Best Ball 2021: My 5 Favorite Best Ball Draft Targets

Jake Tribbey looks ahead to 2021 Best Ball drafts, breaking down his best fantasy football targets for Underdog Fantasy’s Best Ball Mania II tournament. See what all the bark is about in our Underdog Fantasy review and click here to sign up with the promo code GRINDERS for a FREE $25 Best Ball Mania II ticket and your chance at the top $1.1 million dollar prize!

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With the NFL draft now in the rearview mirror, it’s time to dive into most fantasy player’s favorite thing: drafting actual fantasy football teams before things kick off in Week 1.

Utilizing ADP from Underdog (because they are both the largest Best Ball site and have the most casual players), I’ll be sorting through my favorite Best Ball draft picks. I also have a special interest in players not getting a lot of industry hype, so you won’t see the likes of Najee Harris on this list despite his picture-perfect landing spot.

Michael Thomas 29.7 ADP (WR10)

‘Slant Boy’ is coming off his worst fantasy season after injuries (and punching a teammate in the face during practice) led to him only suiting up 7 times during the 2020 regular season while averaging a career-low 12.0 PPR points per contest.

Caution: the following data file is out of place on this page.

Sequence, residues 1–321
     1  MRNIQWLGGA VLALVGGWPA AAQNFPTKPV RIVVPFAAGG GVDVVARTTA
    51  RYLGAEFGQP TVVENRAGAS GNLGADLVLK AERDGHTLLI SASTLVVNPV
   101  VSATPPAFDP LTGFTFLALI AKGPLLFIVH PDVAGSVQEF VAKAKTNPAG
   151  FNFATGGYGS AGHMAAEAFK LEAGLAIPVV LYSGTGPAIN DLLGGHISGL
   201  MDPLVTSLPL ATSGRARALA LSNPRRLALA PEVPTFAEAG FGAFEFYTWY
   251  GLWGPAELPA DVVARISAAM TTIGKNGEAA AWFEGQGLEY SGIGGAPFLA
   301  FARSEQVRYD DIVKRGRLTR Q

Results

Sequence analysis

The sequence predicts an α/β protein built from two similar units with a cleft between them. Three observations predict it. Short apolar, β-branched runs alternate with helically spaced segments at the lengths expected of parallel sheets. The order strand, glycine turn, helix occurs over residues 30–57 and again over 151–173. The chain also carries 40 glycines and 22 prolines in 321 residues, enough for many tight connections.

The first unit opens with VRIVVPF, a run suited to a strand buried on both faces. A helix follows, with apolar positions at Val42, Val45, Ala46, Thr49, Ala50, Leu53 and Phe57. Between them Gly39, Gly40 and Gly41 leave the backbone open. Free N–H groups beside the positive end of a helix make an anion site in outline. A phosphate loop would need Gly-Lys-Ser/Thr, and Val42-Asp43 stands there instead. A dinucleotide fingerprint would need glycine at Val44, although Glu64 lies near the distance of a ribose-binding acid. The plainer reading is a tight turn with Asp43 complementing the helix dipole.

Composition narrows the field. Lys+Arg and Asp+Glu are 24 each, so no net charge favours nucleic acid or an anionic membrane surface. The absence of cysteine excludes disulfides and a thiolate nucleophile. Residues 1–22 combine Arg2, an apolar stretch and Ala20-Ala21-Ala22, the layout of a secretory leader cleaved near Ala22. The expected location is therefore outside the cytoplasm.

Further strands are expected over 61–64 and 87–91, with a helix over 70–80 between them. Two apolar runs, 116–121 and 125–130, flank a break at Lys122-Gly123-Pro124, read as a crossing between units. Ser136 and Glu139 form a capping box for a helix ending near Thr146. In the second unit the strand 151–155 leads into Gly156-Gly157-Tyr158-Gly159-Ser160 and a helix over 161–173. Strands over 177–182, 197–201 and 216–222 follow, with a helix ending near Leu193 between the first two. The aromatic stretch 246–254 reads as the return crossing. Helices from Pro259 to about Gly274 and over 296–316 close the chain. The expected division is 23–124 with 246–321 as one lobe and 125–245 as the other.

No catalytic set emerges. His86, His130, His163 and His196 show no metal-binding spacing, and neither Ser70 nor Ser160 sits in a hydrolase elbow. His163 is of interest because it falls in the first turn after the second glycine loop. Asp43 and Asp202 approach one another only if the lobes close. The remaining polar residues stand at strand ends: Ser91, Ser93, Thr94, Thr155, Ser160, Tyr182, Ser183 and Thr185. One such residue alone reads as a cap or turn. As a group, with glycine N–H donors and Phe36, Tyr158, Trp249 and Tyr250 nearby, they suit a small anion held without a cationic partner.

Despite the poor fantasy production and (at best) questionable practice etiquette, Thomas maintained a 28% target share (4th among WRs in 2020), 44% air yard share (1st), and 92.3 scaled WOPR (2nd) per 

4/7 of those games came with the incredibly pass-inefficient Taysom Hill as a starting QB, but even that didn’t stop Thomas, who logged 104, 50, 105, and 84 yards in those games. With hyper-aggressive Jameis Winston likely to start in 2021, it’s easy to see a return to the 150-target seasons we are used to from slant boy. The worst-case scenario of a Taysom Hill-led offense would likely prevent Thomas from reaching 150+ targets, but it clearly won’t hurt his target share.

Even better, New Orleans didn’t draft a WR until the 7th round of the 2021 NFL draft. That leaves Tre’Quon Smith, Marquez Callaway, Juwan Johnson, Deonte Harris, and Lil’Jordan Humphrey competing with Thomas for targets. 

My final bullish note for Thomas is the Saints’ historical pass rate. As Drew Brees lost arm strength, the Saints lost their willingness to pass the ball. Here are their pass rates since 2012:

2012: 65% (4th)
2013: 63% (6th)
2014: 63% (5th)
2015: 64% (7th)
2016: 63% (5th)
2017: 56% (20th)
2018: 54% (28th)
2019: 60% (13th)
2020: 53% (28th) 

Jameis should enable the Saints to return to their 2012–2016 historical pass rate of 60%+. While the nagging possibility of Taysom Hill starting would obviously hinder that, neither QB will prevent Thomas from accruing a massive target share. Cheers to slant boy.